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How do I start a beaded vest?

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  • How do I start a beaded vest?

    I am interested in beading a vest but I have no idea how to start. I am not sure what I need in order to get started. How do I measure what size I need and all? Please let me know what I need to get started and where I should begin as well as come up with a design.

  • #2
    Can anyone tell me how to start beading an apron?

    I currently have an apron that is beadless. Do I beaded on that or do I used some other material to get started with?

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    • #3
      Your beaded vest and beaded apron question

      Vest -- I think an earlier issue of Whispering Wind had an excellent article on making a beaded vest. I'll see if I can find it. If you are making an older style vest, I suggest looking at some examples in museum online collections. The American Museum of Natural History has a great online source. You can use a contemporary cloth vest that fits you as a basic pattern. Cut the vest apart into three "panels" -- left front, right front and the entire back. Older style vests were usually straight at the bottom, so that that into account since most contemporary vests are now more form fitted. You can use these cloth panels as a guide or pattern for your vest. I suggest experimenting with heavy paper or inexpensive cloth first to make sure your pattern works before cutting buckskin. When you do cut out your vest on buckskin, account for the seams at the shoulders and sides. After you have cut it out and have a plan for your beadwork, dive in and start beading. I've found beading larger areas like this is easier when you take the time to layout and mark the designs, bead them first, then you can work on the fill areas later. It makes it quicker for me.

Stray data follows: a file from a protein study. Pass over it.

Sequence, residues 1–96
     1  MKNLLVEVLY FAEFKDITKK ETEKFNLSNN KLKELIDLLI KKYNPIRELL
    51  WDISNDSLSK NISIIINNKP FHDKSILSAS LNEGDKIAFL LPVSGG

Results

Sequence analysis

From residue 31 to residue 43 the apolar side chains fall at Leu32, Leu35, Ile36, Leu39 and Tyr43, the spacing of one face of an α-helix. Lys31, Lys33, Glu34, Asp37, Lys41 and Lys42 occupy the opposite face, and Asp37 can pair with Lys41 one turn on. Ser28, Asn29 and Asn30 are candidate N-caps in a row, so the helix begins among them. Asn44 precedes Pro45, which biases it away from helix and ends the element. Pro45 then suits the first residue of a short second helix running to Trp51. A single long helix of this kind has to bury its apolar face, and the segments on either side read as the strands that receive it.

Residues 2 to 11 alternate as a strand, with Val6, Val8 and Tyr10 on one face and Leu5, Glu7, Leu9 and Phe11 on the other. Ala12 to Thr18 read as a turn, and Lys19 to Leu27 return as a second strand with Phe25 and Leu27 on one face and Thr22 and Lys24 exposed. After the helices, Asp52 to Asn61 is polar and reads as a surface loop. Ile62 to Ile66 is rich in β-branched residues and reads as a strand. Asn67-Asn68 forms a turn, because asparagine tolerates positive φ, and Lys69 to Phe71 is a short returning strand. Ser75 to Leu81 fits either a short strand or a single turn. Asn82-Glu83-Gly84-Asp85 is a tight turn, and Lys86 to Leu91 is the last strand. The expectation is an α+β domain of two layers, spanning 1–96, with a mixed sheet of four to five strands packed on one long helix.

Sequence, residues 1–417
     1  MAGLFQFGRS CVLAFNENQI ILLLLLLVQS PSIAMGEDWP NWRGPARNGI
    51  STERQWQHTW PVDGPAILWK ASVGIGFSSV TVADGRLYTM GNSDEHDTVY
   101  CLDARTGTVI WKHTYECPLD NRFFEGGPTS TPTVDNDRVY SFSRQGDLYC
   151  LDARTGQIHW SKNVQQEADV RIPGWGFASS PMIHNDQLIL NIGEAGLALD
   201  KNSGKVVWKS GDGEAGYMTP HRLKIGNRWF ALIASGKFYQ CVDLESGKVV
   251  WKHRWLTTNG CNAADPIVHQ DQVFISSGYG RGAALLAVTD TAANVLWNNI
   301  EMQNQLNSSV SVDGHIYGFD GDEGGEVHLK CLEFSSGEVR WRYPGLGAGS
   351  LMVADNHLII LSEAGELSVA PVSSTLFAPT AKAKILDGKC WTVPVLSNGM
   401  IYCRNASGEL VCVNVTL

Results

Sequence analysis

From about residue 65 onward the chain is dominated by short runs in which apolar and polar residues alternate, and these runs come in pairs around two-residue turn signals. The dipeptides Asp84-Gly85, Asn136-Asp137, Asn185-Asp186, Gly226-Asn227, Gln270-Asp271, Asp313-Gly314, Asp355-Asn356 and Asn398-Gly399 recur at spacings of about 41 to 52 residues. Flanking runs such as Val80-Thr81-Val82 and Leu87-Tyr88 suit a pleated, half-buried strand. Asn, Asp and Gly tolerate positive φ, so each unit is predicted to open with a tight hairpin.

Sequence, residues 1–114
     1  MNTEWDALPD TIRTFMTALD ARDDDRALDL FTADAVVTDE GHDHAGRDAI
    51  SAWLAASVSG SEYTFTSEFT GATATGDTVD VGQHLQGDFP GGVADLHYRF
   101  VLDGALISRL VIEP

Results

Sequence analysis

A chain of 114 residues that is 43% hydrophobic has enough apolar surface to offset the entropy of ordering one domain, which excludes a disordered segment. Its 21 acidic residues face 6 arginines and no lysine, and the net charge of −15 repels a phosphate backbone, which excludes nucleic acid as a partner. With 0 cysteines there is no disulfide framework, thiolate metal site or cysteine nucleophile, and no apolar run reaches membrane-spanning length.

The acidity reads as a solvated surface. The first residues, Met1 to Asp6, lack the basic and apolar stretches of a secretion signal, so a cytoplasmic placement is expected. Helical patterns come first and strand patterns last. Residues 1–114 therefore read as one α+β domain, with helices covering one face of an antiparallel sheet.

Aprons -- I recommend making the investment in good wool, then beading directly on it. Good quality wool takes beadwork very well and holds up for years. Some older pieces in museums look practically new. Spend the time to research your design and lay it out well before starting. You can cut a template out of paper to help you with the design or use tailor's chalk to mark an outline on the wool. The only problem with tailor's chalk is that rubs off rather quickly with repeatedly handling. But if you are beading a floral design, for example, you can easily use tailor's chalk to mark the outline, bead over it, then fill in later.

      Good luck with the project. There's a lot of beading ahead of you.